It has long been discussed that the cavalier nature of some of the food chains in this country, with their deep-fried commercials, and their ridiculously high, and artery-negating, fattening and calorically-debilitating fare, why they should even be allowed to continue advertising is beyond most of us. Essentially they are like legal drug dealers, and they have a massive group of customers who are also adding to the collective tipping of the country-wide scale, as it were, and where obesity is really reaching pandemic status.
Finally some clever college students, who grew tired of the nutritionally-subpar options around their campus, took action. Nicholas Jammet, Nathaniel Ru and Jonathan Neman all decided to start “Sweetgreen,” a farm-to-table startup that celebrated its first store in Georgetown, even before these founders left their dorm rooms! They realized that most “salad” options are very unhealthy, ladled with fattening dressing, vegetables that have been trucked across numerous state lines, leading to a confluence of events where even a healthy choice was somehow dubious. All they wanted was easy access to truly healthier food, and so they set out, all sons of entrepreneurs, to do just that.
They are not just about making a nice salad, but they are also about sustainability. Their business plan has not changed since its inception, however they have added to it. The fact remains they have not gotten away from their original mission: fresher, healthier food and supporting local farmers. They way they treat their employees, the way the treat the farms where they buy their produce, and the communities where they build their stores, are all benefiting from their clever and nutritionally-sound altruistic venture.
Nathaniel Ru lives a type of nomadic life, moving around quite a bit as his company grows. Having an apartment that he shares with the another cofounder of Sweetgreen, Jonathan Neman, in Washington, D.C., they also have shared apartments in Los Angeles and New York. One of the things Mr. Ru likes about his apartments are the plants, which seems terribly congruous! In addition, the New York apartment, where they like to have meetings with their teams, in addition to throwing great parties, has a dining room table that comfortably seats 8, allowing enough space for all of their guests. They like having others around, and having open exchanges as their company grows.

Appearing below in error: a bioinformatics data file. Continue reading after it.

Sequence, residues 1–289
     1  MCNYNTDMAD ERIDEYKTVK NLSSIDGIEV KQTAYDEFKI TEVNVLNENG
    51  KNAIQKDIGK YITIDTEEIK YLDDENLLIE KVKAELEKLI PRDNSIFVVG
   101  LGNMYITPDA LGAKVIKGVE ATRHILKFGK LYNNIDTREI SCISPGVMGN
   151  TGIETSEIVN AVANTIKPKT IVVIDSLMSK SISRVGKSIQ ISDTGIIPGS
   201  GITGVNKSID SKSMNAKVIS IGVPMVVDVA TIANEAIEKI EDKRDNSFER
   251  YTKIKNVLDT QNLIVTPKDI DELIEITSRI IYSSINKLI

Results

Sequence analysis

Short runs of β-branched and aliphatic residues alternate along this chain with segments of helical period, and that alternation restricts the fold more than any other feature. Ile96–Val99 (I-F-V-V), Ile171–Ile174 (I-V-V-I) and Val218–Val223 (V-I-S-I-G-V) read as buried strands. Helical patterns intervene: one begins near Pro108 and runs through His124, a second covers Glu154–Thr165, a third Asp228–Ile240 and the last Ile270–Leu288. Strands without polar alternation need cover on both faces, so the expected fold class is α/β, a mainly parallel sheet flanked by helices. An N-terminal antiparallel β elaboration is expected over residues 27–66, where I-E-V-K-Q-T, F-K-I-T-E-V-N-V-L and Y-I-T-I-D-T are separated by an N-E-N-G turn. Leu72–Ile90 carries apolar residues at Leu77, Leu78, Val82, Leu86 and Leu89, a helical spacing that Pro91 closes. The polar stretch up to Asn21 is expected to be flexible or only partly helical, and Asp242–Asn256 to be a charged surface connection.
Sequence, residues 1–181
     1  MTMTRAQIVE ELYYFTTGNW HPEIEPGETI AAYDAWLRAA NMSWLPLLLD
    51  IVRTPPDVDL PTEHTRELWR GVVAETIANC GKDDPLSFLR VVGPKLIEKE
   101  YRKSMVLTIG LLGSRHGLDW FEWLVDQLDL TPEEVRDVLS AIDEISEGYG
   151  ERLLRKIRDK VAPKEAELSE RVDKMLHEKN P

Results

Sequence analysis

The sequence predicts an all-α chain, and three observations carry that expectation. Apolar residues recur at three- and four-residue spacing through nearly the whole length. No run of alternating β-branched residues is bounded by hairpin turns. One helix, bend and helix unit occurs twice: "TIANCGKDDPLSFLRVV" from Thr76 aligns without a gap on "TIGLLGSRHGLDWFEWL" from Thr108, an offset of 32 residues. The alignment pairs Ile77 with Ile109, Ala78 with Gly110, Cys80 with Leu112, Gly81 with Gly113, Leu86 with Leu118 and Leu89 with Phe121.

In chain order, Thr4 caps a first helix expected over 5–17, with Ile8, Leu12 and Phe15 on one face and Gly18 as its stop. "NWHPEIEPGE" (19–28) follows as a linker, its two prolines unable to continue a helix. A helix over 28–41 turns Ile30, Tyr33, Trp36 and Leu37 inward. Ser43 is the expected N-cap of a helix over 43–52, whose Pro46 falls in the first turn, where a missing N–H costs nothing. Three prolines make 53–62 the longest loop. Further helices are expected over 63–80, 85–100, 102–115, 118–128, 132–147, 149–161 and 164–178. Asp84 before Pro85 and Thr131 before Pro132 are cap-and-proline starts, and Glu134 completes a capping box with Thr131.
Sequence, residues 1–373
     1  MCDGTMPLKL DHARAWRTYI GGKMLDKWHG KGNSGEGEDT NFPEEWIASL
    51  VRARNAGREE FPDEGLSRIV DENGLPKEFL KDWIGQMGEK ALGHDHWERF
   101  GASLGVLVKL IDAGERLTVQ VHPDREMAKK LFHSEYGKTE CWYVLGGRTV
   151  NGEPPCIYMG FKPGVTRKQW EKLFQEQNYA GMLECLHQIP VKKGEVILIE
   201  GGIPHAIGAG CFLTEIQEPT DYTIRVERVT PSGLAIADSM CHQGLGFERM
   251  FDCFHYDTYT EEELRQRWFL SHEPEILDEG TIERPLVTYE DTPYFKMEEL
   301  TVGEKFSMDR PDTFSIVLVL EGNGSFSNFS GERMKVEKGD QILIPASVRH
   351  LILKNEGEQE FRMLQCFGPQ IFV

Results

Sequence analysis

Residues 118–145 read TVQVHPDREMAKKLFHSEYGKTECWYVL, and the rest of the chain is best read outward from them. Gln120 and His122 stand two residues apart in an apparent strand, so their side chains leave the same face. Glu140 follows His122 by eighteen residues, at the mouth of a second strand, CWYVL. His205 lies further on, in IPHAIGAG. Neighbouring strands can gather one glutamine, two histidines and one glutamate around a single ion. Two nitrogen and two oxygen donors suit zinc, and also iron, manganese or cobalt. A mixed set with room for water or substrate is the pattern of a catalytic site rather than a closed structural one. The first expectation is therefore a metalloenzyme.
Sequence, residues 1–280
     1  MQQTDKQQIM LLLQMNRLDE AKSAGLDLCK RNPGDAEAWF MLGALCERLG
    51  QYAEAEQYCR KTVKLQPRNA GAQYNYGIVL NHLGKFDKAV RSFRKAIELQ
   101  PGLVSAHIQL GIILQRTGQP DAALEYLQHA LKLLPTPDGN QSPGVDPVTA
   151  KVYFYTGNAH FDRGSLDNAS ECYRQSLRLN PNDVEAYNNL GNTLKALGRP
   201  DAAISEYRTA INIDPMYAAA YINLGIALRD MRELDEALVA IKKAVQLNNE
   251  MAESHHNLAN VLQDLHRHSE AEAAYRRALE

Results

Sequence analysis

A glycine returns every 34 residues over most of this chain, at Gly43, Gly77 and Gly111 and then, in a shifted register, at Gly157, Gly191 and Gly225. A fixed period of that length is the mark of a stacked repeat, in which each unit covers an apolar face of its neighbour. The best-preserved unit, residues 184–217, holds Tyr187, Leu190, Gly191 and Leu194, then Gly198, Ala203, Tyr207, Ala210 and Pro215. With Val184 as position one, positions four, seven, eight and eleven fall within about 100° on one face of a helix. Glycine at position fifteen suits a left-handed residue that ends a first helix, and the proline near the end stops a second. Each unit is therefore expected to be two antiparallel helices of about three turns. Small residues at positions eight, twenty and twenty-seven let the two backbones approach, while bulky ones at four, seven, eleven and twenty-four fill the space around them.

Mr. Ru and the other founders have likened their business model and company to the Apple business model, in that they think about the “why” before they think about the “what.” The idea was to make things that are beautiful and simple to use. For this reason, with each additional store, Mr. Ru is committed to making sure they live up to the company’s core values.
Keeping it real, and creating stores that typify a lifestyle brand, is what Mr. Ru saw with his vision for Sweetgreen. Mr. Ru also thought that having an annual music festival, bringing together supporters, customers and investors, was a nice way to celebrate their success. Starting from a few speakers in front of their D.C. flagship store on weekends, this musical connection grew to what is now a festival. Mr. Ru seems to be blessed with the ability to give the people what they want, and to definitely give them what they need. Hopefully they will eventually have more stores than leading fast-food retailers, and at this point, Mr. Ru is well on his way to seeing that happen.